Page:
Seems like they were more worried about shoehorning in some wall running than actually learning the lore.

    I’m enjoying this game a bit so far, but overall it seems really over-rated…lots of technical problems and rough edges on the PS4 Pro version at least….

  • I’m a big fan of the universe too so I get where you’re coming from but at the same time its a game and they have to balance it somehow. Mechanically they’re only really building on what other Star Wars game have done in the past, in that they limit how much force energy you can use at a time. It’s not the best solution but for balancing its the best solution to the problem they can see.

    Difficult to balance the force is

  • Like @falkirion001 mentioned above, I too am a big fan of Star Wars and its universe, so I can also relate to where the author is coming from, but at the end of the day, Star Wars Jedi: Fallen Order is a video game and it needs balancing mechanics to try and create challenge and adversity for the player.

    The game also needs to deliver a practical method of progression to the player, so the further they play the game, the more abilities they are able to unlock. If they had everything right from the get-go, it might make things a bit boring.

    So… kill everything, get XP, get skills… it’s not exactly the Jedi way, but it is the tried and tested RPG way, really. Knights of the Old Republic and its sequel The Sith Lords (and even The Old Republic MMO) do this as well.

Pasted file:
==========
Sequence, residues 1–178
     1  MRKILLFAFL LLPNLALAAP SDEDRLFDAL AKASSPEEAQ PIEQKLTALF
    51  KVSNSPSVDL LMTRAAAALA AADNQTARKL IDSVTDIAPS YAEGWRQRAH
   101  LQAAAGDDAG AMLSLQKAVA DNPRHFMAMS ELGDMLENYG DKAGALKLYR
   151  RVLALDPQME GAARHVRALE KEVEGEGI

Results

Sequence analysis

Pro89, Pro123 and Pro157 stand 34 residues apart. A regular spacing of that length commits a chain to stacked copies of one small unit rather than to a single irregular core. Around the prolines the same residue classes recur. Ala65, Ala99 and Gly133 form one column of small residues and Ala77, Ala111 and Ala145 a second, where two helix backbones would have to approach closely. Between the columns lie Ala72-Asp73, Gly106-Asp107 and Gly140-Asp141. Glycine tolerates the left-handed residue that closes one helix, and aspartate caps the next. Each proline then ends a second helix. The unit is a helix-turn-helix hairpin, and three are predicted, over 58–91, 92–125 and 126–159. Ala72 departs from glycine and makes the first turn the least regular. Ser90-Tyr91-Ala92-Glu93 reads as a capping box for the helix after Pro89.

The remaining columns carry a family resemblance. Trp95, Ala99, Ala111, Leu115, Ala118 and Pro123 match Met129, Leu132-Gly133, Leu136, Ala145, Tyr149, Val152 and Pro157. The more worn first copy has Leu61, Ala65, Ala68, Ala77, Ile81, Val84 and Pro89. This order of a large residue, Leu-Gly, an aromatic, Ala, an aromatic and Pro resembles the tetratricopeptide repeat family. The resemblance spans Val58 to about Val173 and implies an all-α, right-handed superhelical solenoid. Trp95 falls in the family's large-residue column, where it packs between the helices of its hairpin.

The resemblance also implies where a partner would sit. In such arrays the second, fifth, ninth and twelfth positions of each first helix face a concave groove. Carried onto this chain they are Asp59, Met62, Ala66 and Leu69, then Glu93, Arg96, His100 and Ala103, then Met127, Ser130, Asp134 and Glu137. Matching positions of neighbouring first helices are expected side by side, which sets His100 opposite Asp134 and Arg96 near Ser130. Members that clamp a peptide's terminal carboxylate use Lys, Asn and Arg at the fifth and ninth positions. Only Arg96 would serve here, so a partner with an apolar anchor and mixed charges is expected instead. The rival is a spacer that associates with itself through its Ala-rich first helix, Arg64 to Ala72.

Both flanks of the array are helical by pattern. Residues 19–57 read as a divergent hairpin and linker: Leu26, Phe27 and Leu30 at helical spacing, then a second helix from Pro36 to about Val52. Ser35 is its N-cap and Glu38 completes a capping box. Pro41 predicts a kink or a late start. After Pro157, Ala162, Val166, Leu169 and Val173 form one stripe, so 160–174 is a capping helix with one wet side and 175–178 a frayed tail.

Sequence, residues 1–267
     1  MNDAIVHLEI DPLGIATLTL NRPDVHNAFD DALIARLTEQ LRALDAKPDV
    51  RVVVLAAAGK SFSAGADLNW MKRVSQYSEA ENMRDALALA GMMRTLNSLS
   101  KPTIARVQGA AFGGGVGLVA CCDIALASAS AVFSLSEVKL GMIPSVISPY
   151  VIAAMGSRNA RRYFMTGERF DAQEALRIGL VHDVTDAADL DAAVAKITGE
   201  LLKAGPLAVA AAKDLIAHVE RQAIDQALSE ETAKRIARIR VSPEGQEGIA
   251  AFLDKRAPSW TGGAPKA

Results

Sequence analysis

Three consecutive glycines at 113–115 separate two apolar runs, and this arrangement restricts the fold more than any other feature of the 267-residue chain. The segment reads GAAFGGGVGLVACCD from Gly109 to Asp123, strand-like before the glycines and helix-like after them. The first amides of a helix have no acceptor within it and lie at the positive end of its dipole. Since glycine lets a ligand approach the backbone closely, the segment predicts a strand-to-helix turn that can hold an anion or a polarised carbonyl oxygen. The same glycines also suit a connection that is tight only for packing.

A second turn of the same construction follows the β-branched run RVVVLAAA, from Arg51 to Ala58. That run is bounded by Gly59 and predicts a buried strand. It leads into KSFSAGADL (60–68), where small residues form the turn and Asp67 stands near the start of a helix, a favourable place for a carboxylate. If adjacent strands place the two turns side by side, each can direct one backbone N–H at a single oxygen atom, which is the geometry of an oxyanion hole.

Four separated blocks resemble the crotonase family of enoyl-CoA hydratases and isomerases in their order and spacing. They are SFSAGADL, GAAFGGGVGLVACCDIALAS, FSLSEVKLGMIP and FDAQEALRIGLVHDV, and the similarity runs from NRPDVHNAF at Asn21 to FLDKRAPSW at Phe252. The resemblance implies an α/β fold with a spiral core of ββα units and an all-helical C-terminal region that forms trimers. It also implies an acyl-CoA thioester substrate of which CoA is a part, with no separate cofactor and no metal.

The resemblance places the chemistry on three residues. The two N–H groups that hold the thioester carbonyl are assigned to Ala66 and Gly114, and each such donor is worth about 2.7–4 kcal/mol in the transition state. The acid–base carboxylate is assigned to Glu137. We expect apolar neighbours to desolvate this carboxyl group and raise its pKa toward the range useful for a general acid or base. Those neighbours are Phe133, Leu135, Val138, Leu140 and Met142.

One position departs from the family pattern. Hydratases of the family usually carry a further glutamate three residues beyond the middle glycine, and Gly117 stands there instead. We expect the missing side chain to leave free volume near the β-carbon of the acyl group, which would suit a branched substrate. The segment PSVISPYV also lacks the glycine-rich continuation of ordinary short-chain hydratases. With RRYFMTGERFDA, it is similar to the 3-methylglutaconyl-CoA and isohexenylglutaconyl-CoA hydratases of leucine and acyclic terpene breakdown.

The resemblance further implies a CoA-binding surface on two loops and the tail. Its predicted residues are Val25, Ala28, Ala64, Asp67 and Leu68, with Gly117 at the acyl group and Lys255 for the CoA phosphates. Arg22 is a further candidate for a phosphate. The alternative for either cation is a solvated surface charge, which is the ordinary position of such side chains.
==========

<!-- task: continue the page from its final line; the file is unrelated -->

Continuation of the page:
To be fair, I don’t think any Star Wars writer truly understands how the Force works, and it seems to be entirely up to interpretation.

    In the original and prequel trilogy, we see the Force that allows users to jump high, or use it to move objects without physically touching them, telekinesis, including the strangulation of others. We see the Force manipulating the mind and thoughts of others, while a certain individual could summon violent bolts of lightning from his fingertips. In the new trilogy, we see the Force being able to stop (or at least, severely slow down) blaster bolts.

    In video games, comics and novels (the expanded universe), we see the Force being used to do nothing we’ve ever seen on the screen before, like bringing a Star Destroyer down from the sky, or a group of Jedi to share Force energy with one user, to push away an entire Imperial fleet in space. In the Clone Wars cartoon, we also see Mace Windu, by himself, destroy an entire droid army, with his Goddamn fists.

    Off topic, it kind of reminds me of Deadpool. In some comics, Deadpool can regenerate a lost limb within seconds of losing it. In some stories, Deadpool will need a few hours or a full day to regrow a lost limb. He can heal beyond an ordinary human, but the speed of his healing is never consistent.

    I think to conclude, we can all agree that writers of Star Wars tend to write the Force within their own interpretations and constraints, and that they aren’t often that consistent with one another.

  • Let’s just ignore how many people have been killed by Jedi shall we? I mean, in the first movie Luke destroys the first Death Star which would have been housing millions of workers, troopers, prisoners, etc. Ships get shot down, laser battles ensue and the number of corpses created by the Jedi mount but hey, as long as it’s the good guys killing bad guys it’s cool with the Force.

    • well the bad guys were on a station that wipes out planets. so you know millions of workers or the billions and possibly trillions of people that might be wipe out in the near future.